Several typel of integrators have been devised. the resistor-capacitor integratot.I-- A HISTORY OF MfNRTIAL GUIDANCE Mixers Mixers combine informati.g. velocity.. Mechaoical integrators include the integrating gyroscope and the ball and disk integrator. Differentiators may be electromc or mechanical. missile attitude. the rate component produces a signal proportional to the rate of change of the input. Electrical connections to potentiometers pick off voltages corresponding to input and output values. and lateral mins#'!e speed. Integrators An integrator computes the cumulative vilues of variable measurements such as deviation from the planned trajectory.. The individual sensors d&ecting these three variables transmit error signals which are mixed together so that each of the variables has a proportional influence on thp total corrective movement of the flight control. and the faster the ball rotates.and its output usually goes to a mixe r. velocity. e. Resistor-capacitor. or resistor-capacitor-an-ifier combinations similar to those used as integrators can be wired to produce differentiation instead of 82 . a disk is rotated at a constant velocity by a synchronous motor (Figure 24). The greater the input value. the further away from the center the ball moves. This mixing is usually a -natter of addition or subtraction of sensor signals to signals from the carl rol actuator feedback. the resibtorinduction combination. Electrical integrators in- clude the thermal integrator. In the ball and disk integrator. A roller in contact with the ball measures the speed of rotation and provides the integrated value.resistor-capacitor network.g. !ram several sensors. which are used in most operational guidance systems. The rate output signal is mixed with the original deviation signal so that the conmnand to the flight control is correct both for amocnt and time. For example. Differentiators The differentiator reduces the time lag for control operations and therefore improves the stability of the missile in flight. resistor-inductance. the amplifer. or position.. The distance of the ball from the center of the disk corresponds to the input value. velocity and distance. e. course is influenced by crosswird. As a sensor transmits information on attitude. and the variable-speed motor.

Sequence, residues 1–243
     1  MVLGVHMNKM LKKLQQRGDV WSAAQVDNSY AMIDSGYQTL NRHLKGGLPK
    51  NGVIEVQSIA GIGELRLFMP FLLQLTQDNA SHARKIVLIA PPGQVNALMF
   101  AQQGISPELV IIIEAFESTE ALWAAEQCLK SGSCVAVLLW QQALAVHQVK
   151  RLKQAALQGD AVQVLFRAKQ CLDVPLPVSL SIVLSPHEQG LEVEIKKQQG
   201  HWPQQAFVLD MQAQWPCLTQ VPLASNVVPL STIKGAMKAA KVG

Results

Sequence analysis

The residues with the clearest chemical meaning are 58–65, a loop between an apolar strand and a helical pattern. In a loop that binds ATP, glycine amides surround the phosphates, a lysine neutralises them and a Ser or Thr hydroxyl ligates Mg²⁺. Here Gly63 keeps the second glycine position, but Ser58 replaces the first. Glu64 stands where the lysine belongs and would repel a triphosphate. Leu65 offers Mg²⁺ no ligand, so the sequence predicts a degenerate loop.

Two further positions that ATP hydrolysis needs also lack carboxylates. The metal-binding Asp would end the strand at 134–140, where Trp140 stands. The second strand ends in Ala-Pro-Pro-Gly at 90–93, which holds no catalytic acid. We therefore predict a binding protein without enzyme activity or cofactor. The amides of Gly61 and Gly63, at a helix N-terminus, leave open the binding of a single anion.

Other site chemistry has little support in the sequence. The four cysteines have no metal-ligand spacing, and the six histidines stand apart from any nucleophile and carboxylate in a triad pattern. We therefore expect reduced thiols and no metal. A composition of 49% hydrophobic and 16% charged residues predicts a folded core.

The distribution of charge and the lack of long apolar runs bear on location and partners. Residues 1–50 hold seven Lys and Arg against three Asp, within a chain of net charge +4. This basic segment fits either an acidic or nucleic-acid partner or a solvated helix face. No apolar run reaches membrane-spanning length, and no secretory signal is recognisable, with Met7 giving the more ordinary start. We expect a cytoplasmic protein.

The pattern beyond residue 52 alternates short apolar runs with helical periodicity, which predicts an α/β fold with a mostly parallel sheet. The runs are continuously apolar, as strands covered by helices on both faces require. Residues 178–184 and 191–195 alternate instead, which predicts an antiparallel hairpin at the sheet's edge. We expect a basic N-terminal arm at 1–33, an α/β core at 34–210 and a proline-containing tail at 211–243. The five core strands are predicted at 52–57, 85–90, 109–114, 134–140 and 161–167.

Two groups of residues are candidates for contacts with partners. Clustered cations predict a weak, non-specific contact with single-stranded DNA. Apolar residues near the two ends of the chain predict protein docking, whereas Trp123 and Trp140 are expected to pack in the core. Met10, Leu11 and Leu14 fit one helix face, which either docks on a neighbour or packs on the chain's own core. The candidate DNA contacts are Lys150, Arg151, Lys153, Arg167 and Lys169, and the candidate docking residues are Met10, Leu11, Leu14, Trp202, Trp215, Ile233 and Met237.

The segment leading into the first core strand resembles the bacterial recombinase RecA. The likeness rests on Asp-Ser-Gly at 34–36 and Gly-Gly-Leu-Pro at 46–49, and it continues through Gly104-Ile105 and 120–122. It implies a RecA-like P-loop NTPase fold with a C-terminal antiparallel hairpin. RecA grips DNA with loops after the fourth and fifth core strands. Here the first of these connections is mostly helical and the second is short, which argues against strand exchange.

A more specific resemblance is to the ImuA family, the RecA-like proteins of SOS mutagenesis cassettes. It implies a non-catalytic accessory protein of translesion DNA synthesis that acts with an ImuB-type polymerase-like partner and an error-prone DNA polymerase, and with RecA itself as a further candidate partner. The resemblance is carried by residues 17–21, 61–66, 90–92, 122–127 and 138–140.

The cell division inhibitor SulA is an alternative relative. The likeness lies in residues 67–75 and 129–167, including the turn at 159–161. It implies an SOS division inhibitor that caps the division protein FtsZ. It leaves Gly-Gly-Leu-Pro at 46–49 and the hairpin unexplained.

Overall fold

Saol/ and Disk Integrator 33 ..Compenents of Present Inertial Guidance Systems SERVO G CLUTCH LEAD . l DISTANCE figure 24.. --AL ~~~~SCREW VELOITY.. AL .